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Gone in Six Characters: Short URLs Considered Harmful for Cloud Services
Modern cloud services are designed to encourage and
support collaboration. To help users share links to online
documents, maps, etc., several services, including cloud
storage providers such as Microsoft OneDrive1
and mapping
services such as Google Maps, directly integrate
URL shorteners that convert long, unwieldy URLs into
short URLs, consisting of a domain such as or and a short token.
In this paper, we demonstrate that the space of 5- and
6-character tokens included in short URLs is so small
that it can be scanned using brute-force search. Therefore,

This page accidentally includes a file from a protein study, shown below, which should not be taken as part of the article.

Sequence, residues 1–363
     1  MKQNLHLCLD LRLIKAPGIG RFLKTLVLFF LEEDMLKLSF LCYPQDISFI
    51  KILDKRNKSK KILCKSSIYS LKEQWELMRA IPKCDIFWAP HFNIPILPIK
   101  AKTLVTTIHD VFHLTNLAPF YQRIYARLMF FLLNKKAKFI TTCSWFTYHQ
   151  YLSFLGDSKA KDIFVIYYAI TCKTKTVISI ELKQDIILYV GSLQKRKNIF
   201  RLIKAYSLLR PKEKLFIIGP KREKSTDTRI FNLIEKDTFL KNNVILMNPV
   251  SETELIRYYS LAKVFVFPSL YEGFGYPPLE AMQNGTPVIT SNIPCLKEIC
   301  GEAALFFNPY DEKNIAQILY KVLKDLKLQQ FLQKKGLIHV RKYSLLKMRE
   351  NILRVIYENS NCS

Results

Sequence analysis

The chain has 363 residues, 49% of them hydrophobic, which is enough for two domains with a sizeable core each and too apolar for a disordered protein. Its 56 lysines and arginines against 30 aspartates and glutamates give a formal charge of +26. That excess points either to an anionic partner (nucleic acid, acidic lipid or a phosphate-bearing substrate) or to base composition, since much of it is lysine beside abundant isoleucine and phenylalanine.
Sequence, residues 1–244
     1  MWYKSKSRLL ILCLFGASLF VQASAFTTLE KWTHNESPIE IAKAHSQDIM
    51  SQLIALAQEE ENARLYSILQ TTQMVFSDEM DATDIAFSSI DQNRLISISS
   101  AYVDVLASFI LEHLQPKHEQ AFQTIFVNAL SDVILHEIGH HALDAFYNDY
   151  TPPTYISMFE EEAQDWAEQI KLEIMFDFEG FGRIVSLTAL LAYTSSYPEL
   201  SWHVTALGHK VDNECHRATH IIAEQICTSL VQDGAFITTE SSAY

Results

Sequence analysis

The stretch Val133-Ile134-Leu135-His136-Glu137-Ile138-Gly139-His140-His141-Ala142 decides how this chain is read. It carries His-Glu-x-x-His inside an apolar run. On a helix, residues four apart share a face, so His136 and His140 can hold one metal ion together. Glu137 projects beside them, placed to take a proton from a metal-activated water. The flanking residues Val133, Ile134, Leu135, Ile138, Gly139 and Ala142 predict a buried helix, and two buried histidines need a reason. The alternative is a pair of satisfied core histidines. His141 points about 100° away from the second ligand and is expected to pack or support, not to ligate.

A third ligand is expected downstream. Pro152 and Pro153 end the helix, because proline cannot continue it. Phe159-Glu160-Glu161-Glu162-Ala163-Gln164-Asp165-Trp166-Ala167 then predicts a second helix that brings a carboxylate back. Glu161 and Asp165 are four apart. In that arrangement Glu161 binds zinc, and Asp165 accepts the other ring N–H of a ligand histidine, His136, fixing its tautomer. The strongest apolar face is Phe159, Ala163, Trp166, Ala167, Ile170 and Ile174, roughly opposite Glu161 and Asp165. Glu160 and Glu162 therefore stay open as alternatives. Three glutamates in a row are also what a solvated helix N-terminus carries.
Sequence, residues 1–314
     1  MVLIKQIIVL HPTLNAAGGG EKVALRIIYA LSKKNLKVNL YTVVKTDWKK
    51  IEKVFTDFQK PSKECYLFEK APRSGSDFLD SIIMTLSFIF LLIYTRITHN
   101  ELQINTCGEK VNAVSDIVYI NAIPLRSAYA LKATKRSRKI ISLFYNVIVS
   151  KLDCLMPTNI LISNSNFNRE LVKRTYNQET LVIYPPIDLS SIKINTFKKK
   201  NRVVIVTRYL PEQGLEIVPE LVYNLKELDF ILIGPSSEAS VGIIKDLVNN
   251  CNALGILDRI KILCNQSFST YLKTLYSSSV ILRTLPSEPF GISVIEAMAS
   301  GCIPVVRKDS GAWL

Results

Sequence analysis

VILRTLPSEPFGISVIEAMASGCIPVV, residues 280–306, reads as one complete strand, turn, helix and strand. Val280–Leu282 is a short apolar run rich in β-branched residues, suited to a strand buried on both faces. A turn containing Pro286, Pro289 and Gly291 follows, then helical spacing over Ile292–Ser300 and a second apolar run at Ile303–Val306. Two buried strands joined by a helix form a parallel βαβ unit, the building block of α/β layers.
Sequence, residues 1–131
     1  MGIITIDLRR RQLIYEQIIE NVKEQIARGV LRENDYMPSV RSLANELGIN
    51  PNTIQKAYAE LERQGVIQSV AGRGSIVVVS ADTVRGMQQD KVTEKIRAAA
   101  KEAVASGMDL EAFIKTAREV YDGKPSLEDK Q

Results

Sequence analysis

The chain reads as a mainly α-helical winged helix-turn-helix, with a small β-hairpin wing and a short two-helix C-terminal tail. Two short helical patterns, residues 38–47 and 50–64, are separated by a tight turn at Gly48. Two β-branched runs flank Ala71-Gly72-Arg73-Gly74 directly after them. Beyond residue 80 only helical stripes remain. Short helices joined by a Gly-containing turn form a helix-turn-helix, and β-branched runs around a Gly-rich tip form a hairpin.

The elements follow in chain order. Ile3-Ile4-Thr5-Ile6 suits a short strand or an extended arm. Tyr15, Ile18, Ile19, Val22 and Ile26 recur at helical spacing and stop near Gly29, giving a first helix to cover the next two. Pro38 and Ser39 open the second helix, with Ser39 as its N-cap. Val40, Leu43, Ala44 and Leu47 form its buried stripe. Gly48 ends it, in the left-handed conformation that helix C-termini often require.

all online resources that were intended to be shared
with a few trusted friends or collaborators are effectively
public and can be accessed by anyone. This leads to serious
security and privacy vulnerabilities.
In the case of cloud storage, we focus on Microsoft
OneDrive. We show how to use short-URL enumeration
to discover and read shared content stored in the
OneDrive cloud, including even files for which the user
did not generate a short URL. 7% of the OneDrive accounts
exposed in this fashion allow anyone to write into
them. Since cloud-stored files are automatically copied
into users’ personal computers and devices, this is a vector
for large-scale, automated malware injection.
In the case of online maps, we show how short-URL
enumeration reveals the directions that users shared with
each other. For many individual users, this enables inference
of their residential addresses, true identities, and
extremely sensitive locations they visited that, if publicly
revealed, would violate medical and financial privacy.
url  security  attack  paper  filetype:pdf  shortening 
november 2016
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